Personal best: at the Boulder Jazz Dance Workshop, students measure growth in more than technique.
Nearly three decades later, students and teachers can't seem to get enough of it. Lauri Anderson, who has attended BJDW for more than seven years, first as a student and now as a faculty member, explains why she keeps coming back. "I am pushed to new personal limits while being part of an extremely supportive and non-competitive environment," she says. "It's a lot to pack into two weeks, but it's beyond worth it."
In keeping with its original plan to foster creativity in its students, BJDW doesn't hold formal auditions. Branen does ask that only intermediate or advanced students sign up.
Students sign up for as many classes as they wish. They can either pick individual technique classes (in jazz, modem, jazz funk, ballet barre, or hip hop) or join the full performance track where they work to create a student show at the end of the two-week session. The performance trackers can also receive college credit. Of course, it's good to sign up early, because Branen keeps the class sizes small.
BJDW offers seven repertory classes with a maximum of 16 students in each class so everyone gets the attention he or she deserves. "What I love about BIDW," says Alexandra Stratton, a recent graduate of University of Arizona, "is the personal attention you receive from the teachers and the choreographers." Students choose among three levels of jazz rep, one musical theater class, two levels of modern rep, and hip hop. Most students sign up for one or two rep classes; some focus on jazz and modern, but most pick one specialty.
Students can also sign up for the choreo-feedback class, where they bring in their own choreographed pieces, get feedback from the faculty, and perform them for the Student Show. It's a demanding process. Theresa Venturini, a dancer from Denver, says, "The program does an amazing job of challenging students and developing a full evening's concert in just two weeks." Stratton agrees. "Since all the dancers, faculty, and company members have been working so closely together over the two weeks, the final show is low stress and very fulfilling."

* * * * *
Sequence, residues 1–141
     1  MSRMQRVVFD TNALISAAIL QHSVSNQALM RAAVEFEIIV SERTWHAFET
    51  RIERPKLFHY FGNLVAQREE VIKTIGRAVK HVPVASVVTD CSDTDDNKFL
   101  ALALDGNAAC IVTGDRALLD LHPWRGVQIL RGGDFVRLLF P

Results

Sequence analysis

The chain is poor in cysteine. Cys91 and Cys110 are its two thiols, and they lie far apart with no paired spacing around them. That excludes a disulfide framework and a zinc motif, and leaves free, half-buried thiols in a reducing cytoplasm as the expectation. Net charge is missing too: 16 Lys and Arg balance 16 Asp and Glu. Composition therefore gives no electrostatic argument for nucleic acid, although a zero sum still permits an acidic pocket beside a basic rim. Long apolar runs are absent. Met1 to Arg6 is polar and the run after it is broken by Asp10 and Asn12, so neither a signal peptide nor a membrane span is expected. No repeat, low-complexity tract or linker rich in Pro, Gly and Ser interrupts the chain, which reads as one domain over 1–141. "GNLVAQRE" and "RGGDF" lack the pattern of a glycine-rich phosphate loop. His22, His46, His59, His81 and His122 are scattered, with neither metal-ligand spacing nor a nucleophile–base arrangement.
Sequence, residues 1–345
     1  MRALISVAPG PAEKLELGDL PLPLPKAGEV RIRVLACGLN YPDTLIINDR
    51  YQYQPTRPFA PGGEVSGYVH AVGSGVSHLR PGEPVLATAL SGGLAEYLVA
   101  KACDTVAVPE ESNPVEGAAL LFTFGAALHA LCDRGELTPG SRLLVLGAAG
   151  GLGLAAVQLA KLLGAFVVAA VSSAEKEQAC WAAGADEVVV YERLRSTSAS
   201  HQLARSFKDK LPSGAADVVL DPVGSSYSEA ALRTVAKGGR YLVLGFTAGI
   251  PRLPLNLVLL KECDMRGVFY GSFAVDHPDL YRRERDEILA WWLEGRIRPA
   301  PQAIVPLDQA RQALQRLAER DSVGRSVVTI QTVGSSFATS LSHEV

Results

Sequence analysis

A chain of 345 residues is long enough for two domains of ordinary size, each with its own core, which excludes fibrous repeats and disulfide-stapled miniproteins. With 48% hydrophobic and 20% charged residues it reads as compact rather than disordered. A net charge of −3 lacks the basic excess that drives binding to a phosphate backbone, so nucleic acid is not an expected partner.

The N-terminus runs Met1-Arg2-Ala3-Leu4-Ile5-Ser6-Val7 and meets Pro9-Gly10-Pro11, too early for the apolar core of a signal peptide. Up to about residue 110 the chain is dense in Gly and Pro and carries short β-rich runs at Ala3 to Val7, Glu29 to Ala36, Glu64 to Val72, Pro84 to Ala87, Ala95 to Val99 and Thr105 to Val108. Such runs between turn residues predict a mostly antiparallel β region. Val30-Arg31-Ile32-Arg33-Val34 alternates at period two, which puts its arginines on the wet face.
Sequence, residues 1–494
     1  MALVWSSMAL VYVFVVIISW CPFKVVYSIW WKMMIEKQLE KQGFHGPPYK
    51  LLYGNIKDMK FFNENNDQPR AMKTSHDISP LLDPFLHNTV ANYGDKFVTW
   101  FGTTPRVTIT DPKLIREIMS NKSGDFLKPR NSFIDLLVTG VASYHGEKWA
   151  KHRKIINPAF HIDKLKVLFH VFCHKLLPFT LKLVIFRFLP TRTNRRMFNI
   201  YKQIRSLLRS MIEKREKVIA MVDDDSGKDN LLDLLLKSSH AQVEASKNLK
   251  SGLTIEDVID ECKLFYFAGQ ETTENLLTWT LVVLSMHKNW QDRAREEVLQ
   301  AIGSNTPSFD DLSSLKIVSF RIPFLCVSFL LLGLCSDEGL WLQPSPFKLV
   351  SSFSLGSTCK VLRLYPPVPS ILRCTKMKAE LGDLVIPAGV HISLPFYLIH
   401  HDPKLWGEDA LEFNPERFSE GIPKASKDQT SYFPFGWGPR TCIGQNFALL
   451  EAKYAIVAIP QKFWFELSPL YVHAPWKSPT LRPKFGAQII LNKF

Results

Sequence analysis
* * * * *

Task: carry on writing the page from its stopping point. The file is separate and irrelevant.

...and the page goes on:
In addition to the regularly scheduled classes, the faculty and guest teachers offer seminars twice a week. The topics range from auditioning to the use of imagery, from authentic movement to Fosse.
Students aren't the only ones who perform at the end of the summer workshop. BJDW is also home to Interweave Dance Theatre (IDT), a collective company made up of BJDW faculty members, other graduates of BJDW, and a few dancers chosen at the March audition. The company performs original pieces choreographed by the BJDW faculty. One of the perks of being in the company is a scholarship to all the technique classes offered at BJDW, so each year the company members also get to be students. The more advanced BJDW students get to take class with the company members.
Sumi Clements, a dancer in New York City and a first year IDT company member (she's returning in 2006), knew after her first summer that she wanted to take part again. "I can't emphasize enough how fantastic this workshop is. Everyone has a deep investment in dance. The passion and excitement are both contagious and inspirational."
Linda Sparrowe is a freelance writer living in Boulder, Colorado, and a frequent contributor to DANCE MAGAZINE.
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|Title Annotation:||2006 summer study guide|
|Date:||Jan 1, 2006|
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